It was around 10.30 when Jayasiri arrived at his destination. He came out of the station and crossed the street to Federation square. This is a landmark which is in the centre of the City and attracts thousands of visitors daily. He could see people walking up and down to various destinations, all in a mighty hurry. True to Sarath’s words of wisdom, he saw few homeless people carrying their meagre belongings and seated on the walkway in front of Flinders station. Some were seated on blankets, and some others on small plastic chairs. Jayasiri walked past famous St.Paul’s cathedral to his favourite Chinese restaurant and had a good meal. He walked back to Federation Square and managed to find a bench to spend the rest of the afternoon watching people. Jayasiri soon started dozing off as he was missing his usual afternoon siesta. He felt someone gently shaking his shoulder and quickly opened his eyes to find a handsome young man smiling at him.
‘Mr Jayasiri, can you remember me?’ He immediately recognized Nuwan, one of the sales executives who visited him during his hotel days. ‘So what are you doing in Melbourne Nuwan?’ Jayasiri asked. ‘I must ask the same question from you, sir,’ Nuwan said with a beaming smile. ‘I will never forget how you helped me, sir. In fact, you advised me not to leave Brintons without learning everything about carpets. What was it that you told me when I tried to quit after a fight with the boss?’ Nuwan asked. You said, ‘Nuwan, there is hope on the horizon. Have patience and work hard. ‘Did I say that? I cannot remember anything?’ Jyasiri laughed. Nuwan went on, ‘I came to Melbourne to sign a contract with this Australian company. I am staying at Novotel hotel, and unfortunately, I am leaving tonight. I would have loved to take you out for dinner.’ Nuwan said, with a disappointed look on his face. ‘So what are you doing here, sir?’ Nuwan asked. ‘Oh, I migrated with my wife as both my children live here,’ Jayasiri said. ‘I guess that is the best option if both your children are here, sir,’ Nuwan said with a sad look on his face. ‘I am so happy to have met you, and please give my regards to your charming wife’. Nuwan departed with tears in his eyes.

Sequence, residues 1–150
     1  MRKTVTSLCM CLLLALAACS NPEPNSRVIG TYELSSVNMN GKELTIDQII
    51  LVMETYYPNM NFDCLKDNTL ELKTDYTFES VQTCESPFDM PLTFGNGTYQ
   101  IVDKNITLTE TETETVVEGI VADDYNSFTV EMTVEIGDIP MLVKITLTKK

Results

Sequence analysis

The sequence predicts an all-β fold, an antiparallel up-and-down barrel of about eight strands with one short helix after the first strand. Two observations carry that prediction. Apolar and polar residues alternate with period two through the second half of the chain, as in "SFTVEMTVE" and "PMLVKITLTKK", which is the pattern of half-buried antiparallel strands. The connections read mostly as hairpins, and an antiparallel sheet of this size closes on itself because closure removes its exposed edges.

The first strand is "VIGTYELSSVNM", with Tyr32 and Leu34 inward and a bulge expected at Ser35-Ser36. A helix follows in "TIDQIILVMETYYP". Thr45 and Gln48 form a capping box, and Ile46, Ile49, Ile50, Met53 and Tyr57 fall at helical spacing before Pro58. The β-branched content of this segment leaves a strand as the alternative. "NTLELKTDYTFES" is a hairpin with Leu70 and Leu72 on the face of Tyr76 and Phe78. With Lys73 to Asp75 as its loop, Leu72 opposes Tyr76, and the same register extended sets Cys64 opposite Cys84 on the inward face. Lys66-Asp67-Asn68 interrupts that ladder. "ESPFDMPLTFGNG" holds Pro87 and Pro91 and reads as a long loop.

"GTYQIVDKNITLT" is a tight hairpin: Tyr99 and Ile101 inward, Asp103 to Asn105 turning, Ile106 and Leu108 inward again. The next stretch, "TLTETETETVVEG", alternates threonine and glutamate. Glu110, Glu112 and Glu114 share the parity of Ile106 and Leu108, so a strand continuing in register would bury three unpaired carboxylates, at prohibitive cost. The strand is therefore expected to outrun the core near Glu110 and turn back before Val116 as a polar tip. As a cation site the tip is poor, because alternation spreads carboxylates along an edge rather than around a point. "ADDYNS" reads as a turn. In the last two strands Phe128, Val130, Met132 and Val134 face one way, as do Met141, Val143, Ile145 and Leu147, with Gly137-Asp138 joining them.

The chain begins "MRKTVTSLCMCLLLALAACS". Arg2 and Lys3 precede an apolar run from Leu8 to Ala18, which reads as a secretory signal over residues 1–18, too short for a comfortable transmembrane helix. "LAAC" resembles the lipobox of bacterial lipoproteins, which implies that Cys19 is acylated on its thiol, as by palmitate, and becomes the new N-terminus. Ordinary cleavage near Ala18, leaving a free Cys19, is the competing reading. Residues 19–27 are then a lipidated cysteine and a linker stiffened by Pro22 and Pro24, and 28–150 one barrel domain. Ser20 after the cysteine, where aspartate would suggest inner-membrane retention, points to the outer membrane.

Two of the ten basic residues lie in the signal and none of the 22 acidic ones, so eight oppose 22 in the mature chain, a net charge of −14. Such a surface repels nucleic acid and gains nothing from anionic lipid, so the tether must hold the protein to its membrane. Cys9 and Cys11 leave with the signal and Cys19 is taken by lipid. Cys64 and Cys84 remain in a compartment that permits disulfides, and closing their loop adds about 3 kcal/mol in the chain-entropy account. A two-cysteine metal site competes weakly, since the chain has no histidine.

Jayasiri managed to get a seat on his return journey as he barely managed to avoid the office crowd. It was around five pm when he reached Croyden. He did not want to trouble his son or daughter to pick him up. Jayasiri took a bus going to Churnside shopping centre. From there it was a one km walk to his daughter’s house. As he climbed the hill and crossed over to the other side, he saw the giant size inflated Santa displayed in front of a house for sale. As he slowly climbed the road leading to his daughter’s home Jayasiri remembered a poem his boss used to recite during Xmas time.
‘Christmas is coming,
Geese are getting fat,
Please put a coin in the poor man’s hat!’
Keerthi Wijesinghe – Sri Lanka